How do you decide which parts of your holy book(s) to accept as true and meaningful? I may bring up specific examples and ask your opinion on them regardless of your answer to this question. What I look for here is consistency. If you eat shrimp or wear cotton-polyester, I don’t expect that you will think homosexuality is a sin. If you live in this universe, I don’t expect that you will think the earth was created in less than a week or that Jonah really lived in a fish for 3 days.
This question is an important one to me, especially when talking with Christians here in the US, as the answer to it helps me to establish how to continue conversing with them. As I stated above, what I look for in an answer to it is simply consistency in whatever interpretation or system of choosing how to interpret people have settled upon. This includes logical consistency, literary consistency, historical consistency, and moral consistency.
Far too many religious people seem to interpret the Bible willy-nilly in whatever manner suits the particular point they are trying to make at the time, and this makes it difficult to effectively discuss matters pertaining to scripture. I’m pretty sure that’s the whole point of the impossible-to-pin-down interpretive standards, but I don’t think it’s something that should be put up with if we are to engage in any kind of dialogue about the merits of religion. Before talking, we must first establish exactly what it is we are talking about. Continue reading
So, I tried really hard yesterday to get some work done on my series on Questions for Religious Believers, but instead I ended up spending all day writing about penises on my Tumblr. It’s been a relatively interesting discussion, and I think it’s an important one so I’ll link it here (and update the links if/when it continues) for your reading pleasure.
Part 1 – In Which I Point Out the Obvious
Part 2 – In Which I Offer Some Fact Bombs
Part 3 – In Which I Recommend Some Resources and Get a Little Personal
Part 4 – In Which I Start to Get Testy
Part 5 – In Which I Get Increasingly Pedantic As Well As Grumpy
NEW! Part 6 – In Which I Just About Lose My Shit
Related Post 1 – In Which I Feel Validated For Spending So Much Time On All This
Related Post 2 – In Which I Give My Opinion On Ear-Piercing, Too
What verifiable evidence supports your belief in a god? Unsubstantiated “miracles” don’t count. “I just feel it in my heart” or similar nonsense is not evidence. However, I will accept “I don’t need evidence,” as a valid answer–although it will make me think you are foolish and worry about your grasp on reality.
This is the first question from my “10 Serious Questions for Religious Believers,” and it’s a big one.
Evidence of one kind or another is the basis of all knowledge, but there is good evidence and bad evidence. At least, there is universal evidence and personally specific evidence. Universal evidence is evidence that can be seen, touched, experienced, and understood by anyone. Personally specific evidence is evidence that is only convincing to the person who claims to have that evidence. Personally specific evidence is always unverifiable and unreproducible.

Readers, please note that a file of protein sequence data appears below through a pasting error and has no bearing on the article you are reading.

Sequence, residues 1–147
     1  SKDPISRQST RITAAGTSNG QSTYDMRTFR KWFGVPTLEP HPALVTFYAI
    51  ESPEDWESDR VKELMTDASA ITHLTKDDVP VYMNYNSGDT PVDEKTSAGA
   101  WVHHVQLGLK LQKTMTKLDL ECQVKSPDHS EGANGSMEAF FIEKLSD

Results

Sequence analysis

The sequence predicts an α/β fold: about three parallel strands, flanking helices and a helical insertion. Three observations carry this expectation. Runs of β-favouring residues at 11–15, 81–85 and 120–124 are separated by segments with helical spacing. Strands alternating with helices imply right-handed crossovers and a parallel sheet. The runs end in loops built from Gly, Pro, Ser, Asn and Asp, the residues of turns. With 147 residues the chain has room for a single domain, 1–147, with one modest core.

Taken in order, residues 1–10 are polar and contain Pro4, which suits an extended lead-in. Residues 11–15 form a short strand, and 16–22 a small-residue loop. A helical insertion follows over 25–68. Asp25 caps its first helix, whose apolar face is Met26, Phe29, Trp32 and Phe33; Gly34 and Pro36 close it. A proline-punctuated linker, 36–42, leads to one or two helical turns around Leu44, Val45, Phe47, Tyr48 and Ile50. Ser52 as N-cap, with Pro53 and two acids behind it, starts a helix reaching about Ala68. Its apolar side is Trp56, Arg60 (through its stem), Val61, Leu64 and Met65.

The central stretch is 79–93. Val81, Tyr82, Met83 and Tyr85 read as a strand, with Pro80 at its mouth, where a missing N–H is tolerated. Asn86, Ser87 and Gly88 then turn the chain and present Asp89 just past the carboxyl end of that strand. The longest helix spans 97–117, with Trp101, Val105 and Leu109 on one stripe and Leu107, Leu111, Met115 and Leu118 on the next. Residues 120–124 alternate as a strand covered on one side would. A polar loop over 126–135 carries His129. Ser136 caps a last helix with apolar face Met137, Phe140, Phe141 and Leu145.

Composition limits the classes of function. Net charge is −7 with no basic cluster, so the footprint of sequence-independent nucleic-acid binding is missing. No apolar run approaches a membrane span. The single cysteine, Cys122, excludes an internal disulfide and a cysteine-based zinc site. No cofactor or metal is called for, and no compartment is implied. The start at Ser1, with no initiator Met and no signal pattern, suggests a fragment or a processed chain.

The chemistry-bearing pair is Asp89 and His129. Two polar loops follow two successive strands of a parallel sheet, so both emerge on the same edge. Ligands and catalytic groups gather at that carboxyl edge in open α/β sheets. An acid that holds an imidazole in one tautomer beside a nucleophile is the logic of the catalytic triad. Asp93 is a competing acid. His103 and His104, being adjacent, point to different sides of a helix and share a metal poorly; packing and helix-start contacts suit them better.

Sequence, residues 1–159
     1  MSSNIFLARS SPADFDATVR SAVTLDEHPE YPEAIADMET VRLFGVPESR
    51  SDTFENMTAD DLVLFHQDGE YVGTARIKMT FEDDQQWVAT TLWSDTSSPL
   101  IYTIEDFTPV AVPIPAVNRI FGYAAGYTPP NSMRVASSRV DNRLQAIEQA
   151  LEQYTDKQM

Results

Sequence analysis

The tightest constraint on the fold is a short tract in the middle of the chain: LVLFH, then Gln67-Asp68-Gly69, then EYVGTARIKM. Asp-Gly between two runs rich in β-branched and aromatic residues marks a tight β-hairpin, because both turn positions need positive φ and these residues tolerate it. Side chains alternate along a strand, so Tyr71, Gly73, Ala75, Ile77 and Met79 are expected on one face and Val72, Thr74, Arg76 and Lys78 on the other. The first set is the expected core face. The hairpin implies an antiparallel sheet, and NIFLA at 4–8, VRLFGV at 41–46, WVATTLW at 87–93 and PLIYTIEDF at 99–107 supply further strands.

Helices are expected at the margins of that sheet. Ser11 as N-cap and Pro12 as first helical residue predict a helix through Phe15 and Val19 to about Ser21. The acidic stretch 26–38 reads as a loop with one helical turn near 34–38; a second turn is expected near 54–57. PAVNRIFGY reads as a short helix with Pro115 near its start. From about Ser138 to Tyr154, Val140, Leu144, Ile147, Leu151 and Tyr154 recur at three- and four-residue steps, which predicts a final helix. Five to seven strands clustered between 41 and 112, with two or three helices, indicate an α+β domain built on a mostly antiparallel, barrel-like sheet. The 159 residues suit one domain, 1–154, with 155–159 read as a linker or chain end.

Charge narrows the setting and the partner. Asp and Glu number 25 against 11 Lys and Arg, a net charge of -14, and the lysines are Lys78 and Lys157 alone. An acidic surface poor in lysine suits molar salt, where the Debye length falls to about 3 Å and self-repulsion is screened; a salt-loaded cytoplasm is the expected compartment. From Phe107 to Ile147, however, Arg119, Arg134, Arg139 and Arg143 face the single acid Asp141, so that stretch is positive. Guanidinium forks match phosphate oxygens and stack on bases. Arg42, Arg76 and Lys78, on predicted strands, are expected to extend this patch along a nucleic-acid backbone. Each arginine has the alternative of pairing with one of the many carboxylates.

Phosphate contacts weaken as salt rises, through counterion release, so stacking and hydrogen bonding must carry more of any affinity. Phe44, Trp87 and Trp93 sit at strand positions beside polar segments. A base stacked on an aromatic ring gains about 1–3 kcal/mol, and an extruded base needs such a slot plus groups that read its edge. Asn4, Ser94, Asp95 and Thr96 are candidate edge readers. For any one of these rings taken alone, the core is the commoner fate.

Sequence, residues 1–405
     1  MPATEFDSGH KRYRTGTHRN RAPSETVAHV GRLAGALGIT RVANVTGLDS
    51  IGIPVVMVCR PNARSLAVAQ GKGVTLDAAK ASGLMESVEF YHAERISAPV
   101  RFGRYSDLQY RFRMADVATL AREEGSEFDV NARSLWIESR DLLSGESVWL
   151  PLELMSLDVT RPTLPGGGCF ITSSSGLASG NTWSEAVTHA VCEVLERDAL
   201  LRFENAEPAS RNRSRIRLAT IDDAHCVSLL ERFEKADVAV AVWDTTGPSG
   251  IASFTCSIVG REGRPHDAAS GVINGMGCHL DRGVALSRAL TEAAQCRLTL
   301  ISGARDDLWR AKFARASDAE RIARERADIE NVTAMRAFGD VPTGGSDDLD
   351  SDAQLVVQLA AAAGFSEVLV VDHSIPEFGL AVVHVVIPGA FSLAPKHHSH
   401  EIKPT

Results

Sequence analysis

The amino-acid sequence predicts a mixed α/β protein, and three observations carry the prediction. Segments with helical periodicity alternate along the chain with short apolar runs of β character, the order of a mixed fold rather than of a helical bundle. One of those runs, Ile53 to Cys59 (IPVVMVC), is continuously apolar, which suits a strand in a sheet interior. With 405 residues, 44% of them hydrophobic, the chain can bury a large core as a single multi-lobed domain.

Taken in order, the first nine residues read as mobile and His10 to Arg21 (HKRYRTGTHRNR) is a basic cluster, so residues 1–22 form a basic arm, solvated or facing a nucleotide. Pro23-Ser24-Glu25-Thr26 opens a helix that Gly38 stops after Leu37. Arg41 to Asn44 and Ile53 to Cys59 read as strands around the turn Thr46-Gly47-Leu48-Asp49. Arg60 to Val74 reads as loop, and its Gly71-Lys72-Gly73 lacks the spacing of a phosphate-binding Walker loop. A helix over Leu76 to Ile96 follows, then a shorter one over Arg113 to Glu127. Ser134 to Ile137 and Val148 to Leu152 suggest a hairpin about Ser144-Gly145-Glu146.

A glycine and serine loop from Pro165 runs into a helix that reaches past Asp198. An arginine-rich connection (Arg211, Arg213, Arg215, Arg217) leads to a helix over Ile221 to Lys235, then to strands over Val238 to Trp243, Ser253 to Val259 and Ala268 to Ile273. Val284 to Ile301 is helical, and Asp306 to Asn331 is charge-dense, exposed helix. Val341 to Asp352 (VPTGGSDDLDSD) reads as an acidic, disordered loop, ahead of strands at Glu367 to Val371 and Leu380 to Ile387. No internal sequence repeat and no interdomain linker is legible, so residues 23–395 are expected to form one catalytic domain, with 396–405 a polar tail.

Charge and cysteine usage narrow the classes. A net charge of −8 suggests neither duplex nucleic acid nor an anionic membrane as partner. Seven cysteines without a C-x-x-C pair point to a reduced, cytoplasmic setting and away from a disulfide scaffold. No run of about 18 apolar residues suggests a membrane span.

Richard Dawkins, in a beautifully written letter to his daughter, names three types of bad evidence, or rather non-evidence, for believing anything: Tradition, Authority, and Revelation. Tradition encompasses the things that we believe because, well, that’s what people have “always” believed. When we believe something based on authority, we believe it because it was told to us by someone important, irrespective of whether or not the claim stands on its own merits. Lastly, revelation refers to the things we believe because we think we have supernatural insight that allows us to know something we otherwise wouldn’t be able to. Continue reading
I’ve got a series of follow-up posts to my 10 Serious Questions for Religious Believers planned for the next week or so, but in the meantime I’d like to suggest everyone check out a great series of posts by Squashed in response to the discussion that has been happening about the list over on Tumblr.
Squashed also came up with his own list of questions that I have been answering on Tumblr, so you can expect some of those to be popping up over here as well at some point.
Liberalchristian (who is freaking awesome!) had some good answers as well, except for one that I touched on in this post.
I’ve been an atheist since I was around 15. I came to atheism via a Catholic upbringing, lots of reading, some dabbling in deism, a dive back into Christianity in my early 20s, and then the anti-climactic non-epiphany that was me realizing that, yep, I still can’t believe that nonsense no matter how many Rob Bell books I read.
This morning, I saw a couple of posts pop up on my Tumblr dashboard to the effect that [some or most] atheists are smug, arrogant intellectual elitists who think everyone who holds to some religion is just an idiot with no grasp of reason, rationality, or science. Also, that atheists should stop being that way, because it makes us look like assholes.
That second bit, I agree with–we should all strive to not be assholes. The first bit is, I think, for the most part untrue. Certainly, if you are a religious person, there will be some atheists who are just going to think you are a big dumb-head, and some of those atheists will be jerks about it. However, speaking from my own experience, I would like to point out that, often, what are sincere questions from atheists about religion and faith are perceived as intellectual bullying when believers feel put on the spot or when they don’t have ready answers. It’s perceived as “mean” if an atheist points out logical inconsistency or general incoherence in religious beliefs. It’s perceived as smug if we don’t swallow the same poisonous apologetics that believers do in order to maintain their faith. Continue reading